Now she is in the legal bankruptcy process.

    But instead of learning her lesson, she keeps wondering when will she get new credit cards.

    I have tried to advise her that when she does get credit cards again how to handle them [ie, pay them off every month.] But I can tell she is not listening. Just recently she let it slip that she still goes to Starbucks for their expensive coffee.

    .

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  2. The economy is highly dependent on consumer spending. When the inevitable recession arrives, unemployment will spike to 2009/2010 levels, bankruptcies will likely hit all time high levels, and mortgage defaults will likely reach close to historic levels.

    My impression is most people have not changed basic spending behavior since the last recession. I guess you could say their mentality is recession proof.

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      • AARP Foundation says they are helping fight poverty for the 10 million people over 50 that are living in poverty.
        The foundation, which is AARP’s charitable affiliate, is working to end senior poverty by helping vulnerable older adults build economic opportunity and social connectedness.
        Among its points of focus:

        Teaching job seekers the skills they need to compete for today’s in-demand positions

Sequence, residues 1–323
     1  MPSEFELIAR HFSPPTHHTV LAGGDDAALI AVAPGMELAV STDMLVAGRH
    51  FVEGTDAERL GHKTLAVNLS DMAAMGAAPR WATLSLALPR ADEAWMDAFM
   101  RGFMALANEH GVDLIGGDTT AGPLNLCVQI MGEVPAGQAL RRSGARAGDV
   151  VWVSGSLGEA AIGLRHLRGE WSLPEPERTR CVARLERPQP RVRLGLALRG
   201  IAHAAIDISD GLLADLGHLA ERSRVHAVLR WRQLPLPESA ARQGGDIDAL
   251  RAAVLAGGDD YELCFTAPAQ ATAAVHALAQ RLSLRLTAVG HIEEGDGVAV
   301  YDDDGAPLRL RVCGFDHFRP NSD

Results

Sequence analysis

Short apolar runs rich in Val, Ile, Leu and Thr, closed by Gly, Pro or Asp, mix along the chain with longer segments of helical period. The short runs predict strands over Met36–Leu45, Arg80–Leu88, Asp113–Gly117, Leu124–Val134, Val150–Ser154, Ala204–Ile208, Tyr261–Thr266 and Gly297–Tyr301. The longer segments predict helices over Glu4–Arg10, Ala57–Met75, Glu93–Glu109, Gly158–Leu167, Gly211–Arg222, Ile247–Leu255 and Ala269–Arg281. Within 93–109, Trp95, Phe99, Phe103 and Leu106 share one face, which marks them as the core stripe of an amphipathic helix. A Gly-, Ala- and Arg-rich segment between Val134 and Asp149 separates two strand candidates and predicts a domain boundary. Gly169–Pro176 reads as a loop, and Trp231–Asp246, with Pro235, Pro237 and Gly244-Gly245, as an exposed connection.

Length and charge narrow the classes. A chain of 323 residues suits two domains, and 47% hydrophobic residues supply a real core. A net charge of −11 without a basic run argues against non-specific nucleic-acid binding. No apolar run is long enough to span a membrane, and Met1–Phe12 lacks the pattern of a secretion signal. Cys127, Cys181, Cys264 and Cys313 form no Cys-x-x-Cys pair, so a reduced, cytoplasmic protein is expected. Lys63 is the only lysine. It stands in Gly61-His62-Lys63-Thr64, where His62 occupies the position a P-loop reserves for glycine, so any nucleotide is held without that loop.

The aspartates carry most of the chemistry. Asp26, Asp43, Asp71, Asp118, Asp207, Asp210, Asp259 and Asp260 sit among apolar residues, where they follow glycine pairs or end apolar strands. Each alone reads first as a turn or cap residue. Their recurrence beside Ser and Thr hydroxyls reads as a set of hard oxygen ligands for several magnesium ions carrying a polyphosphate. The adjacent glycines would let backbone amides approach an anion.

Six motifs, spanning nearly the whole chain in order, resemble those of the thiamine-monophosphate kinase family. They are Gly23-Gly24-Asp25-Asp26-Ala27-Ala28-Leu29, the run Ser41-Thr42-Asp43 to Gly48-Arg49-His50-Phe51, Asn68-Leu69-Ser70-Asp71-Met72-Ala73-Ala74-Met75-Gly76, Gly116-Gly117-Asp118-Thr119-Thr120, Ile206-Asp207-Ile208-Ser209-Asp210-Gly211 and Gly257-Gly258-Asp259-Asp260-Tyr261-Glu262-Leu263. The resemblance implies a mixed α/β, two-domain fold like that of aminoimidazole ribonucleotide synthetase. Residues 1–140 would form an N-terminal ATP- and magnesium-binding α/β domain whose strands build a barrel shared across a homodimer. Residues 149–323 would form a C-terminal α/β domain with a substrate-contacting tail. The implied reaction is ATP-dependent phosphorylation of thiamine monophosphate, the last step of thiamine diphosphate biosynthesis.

Developing strategies to help make communities affordable, livable and healthy
        Helping older adults build savings
        Making it easier for low-income consumers to develop healthy eating habits
        Harnessing new and existing methods and technologies to alleviate the underlying issues that can cause loneliness and isolation
        Helping older adults connect — and stay connected — to their communities

        Where is the class on budgeting and getting and staying out of debt? Oh, they do not even address that problem. “Helping older adults build savings” is vague and not the problem, it is incorrecting spending on wants, not needs.
        It is why many are living paycheck to paycheck or SS check to SS check.

        What hat do they pull these numbers from? Not being able to pay your cable bill, eat out or take a vacation is not living in poverty. I went without a home phone for 4 years. I used the city bus for 24 months to save for a down payment for a car. I only activate my cell phone when I go on vacation. American’s are a very spoiled bunch of crybabies.

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      • AARP keeps pushing for bigger COLA instead of helping seniors live within their means. They would be more helpful in helping seniors live life with what they have instead of getting politicians to buy votes.